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The Most Interesting Comics of the Week

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Every Wednesday, I preview the most interesting new comics hitting comic shops, Comixology, Kickstarter and the web. Feel free to comment below if there's a comic you've read recently that you want to talk about.

1. Beautiful Darkness

By Fabien Vehlmann and Kerascoet
Drawn & Quarterly

You might think you know what you're getting at first glance with Beautiful Darkness. It opens with a romantic tea party between pretty young princess Aurora and the charming Prince Hector, but by page two everything begins to go downhill fast. The world around them starts falling apart in bloody chunks and Aurora and her friends are forced to run for their lives from inside the head of a dead girl in the woods. From there, this gaggle of whimsical characters must find a way to survive the harsh reality of mother nature–deadly insects, maggots infesting the rotting corpse they have not strayed too far from, the onset of winter, and each other.

Beautiful Darkness is a stunning and deeply disturbing graphic novel. It's a play on the children-in-jeopardy theme that has been popularized by Lord of the Flies,  Battle Royale, and The Hunger Games. Except, instead of children, it uses the fanciful figments of a child's imagination.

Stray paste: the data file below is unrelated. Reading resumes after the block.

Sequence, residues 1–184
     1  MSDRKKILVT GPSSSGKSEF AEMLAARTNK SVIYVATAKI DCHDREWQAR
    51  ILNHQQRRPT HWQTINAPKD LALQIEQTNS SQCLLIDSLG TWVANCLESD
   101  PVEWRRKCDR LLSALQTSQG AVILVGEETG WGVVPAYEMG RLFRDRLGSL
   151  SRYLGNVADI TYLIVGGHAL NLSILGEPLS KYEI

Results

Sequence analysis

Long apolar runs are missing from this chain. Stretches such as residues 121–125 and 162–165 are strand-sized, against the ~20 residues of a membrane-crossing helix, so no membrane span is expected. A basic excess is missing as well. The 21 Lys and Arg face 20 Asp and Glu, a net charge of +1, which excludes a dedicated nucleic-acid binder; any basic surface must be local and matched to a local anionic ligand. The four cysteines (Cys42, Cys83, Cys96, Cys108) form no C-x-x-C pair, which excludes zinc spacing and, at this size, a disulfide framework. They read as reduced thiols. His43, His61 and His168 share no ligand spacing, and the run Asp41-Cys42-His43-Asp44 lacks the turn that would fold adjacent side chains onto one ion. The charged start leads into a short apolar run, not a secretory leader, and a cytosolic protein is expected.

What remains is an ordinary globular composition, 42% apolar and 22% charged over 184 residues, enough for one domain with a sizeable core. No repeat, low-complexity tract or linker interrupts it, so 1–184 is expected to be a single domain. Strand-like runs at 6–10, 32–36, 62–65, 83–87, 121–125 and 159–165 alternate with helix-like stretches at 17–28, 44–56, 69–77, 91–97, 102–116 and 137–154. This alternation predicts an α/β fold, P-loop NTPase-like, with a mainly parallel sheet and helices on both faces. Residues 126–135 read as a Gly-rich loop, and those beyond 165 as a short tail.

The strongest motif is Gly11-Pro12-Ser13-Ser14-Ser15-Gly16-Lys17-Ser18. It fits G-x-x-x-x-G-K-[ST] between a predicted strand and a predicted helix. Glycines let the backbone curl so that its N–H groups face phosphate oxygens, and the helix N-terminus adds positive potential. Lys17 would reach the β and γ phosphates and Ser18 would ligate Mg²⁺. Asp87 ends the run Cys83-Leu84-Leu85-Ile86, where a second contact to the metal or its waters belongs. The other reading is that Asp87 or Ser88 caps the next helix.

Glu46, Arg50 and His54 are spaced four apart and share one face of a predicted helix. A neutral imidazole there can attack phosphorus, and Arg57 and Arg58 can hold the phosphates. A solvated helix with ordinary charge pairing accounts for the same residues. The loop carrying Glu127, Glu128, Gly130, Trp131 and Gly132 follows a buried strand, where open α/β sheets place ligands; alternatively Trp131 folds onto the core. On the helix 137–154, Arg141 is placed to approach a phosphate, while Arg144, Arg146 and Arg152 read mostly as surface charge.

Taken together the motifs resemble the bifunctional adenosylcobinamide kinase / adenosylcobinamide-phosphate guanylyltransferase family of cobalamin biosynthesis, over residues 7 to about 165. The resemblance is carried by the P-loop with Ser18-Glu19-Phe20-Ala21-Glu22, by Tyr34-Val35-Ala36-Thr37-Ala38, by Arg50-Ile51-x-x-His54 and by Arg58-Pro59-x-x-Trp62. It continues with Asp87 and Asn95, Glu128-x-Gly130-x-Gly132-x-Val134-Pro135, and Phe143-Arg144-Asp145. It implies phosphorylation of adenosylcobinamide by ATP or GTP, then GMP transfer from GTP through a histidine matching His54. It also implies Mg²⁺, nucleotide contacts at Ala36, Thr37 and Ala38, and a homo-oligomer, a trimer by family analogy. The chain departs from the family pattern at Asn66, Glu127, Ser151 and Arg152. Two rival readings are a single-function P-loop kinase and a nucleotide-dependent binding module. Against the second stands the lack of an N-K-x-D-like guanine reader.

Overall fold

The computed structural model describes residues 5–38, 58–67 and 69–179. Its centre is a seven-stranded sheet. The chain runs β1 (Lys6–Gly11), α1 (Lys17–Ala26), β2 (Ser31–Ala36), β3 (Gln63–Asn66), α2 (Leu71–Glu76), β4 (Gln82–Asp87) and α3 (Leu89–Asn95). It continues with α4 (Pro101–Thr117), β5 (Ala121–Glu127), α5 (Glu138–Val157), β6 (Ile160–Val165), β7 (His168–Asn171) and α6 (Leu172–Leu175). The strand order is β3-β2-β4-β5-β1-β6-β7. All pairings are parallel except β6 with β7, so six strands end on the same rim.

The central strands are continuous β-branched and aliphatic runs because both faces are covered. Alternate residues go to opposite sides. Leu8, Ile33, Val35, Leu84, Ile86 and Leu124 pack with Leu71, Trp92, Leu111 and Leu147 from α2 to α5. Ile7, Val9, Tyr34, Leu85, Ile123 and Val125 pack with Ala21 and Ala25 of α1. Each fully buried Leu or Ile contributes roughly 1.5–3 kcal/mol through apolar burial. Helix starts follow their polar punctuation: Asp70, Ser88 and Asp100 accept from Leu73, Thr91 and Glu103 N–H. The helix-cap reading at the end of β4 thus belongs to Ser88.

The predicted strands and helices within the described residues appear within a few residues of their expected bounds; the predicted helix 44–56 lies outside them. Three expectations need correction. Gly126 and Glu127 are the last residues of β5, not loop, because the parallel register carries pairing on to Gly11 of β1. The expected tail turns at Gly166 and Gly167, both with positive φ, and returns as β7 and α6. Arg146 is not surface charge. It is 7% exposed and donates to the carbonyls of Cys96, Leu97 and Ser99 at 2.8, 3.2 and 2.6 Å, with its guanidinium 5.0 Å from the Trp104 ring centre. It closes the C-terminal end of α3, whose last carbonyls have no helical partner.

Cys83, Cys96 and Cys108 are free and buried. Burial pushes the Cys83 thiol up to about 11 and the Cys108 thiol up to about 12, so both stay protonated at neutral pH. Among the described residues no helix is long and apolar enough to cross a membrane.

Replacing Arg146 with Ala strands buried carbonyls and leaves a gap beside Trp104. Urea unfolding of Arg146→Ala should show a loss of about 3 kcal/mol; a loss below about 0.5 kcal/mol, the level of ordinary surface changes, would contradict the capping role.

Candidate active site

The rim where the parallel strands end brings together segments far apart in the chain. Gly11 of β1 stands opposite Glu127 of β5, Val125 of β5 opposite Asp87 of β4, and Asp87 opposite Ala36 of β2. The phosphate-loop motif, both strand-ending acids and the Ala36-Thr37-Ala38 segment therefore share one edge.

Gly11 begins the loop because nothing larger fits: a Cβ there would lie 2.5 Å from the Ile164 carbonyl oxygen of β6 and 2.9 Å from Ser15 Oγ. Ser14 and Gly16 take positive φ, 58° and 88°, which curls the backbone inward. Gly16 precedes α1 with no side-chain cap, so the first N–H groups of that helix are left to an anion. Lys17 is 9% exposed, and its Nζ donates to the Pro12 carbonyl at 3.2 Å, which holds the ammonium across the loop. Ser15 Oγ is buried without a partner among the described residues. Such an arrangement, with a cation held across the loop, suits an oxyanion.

Originally released in France in 2009 as Jolies Tenebres, this translated edition comes to us from Drawn & Quarterly. It is wonderfully illustrated by husband and wife team Marie Pommepuy & Sébastien Cosset, who refer to themselves as Kerascoët, and is written by French comics writer Fabien Vehlmann based on a plot by Pommepuy. The artwork, painted in watercolor, is lush and beautiful. The mix of loosely and comically drawn cartoon figures with realistically painted trees, animals, and people accentuate the way fantasy and reality meet and become tangled together.

Drawn & Quarterly has a preview on their website. You probably don’t want to buy this for your kids, but grown-up fans of dark and twisted fairy tales will love the cruel and unexpected nature of this story.


2. Oak

By Max Badger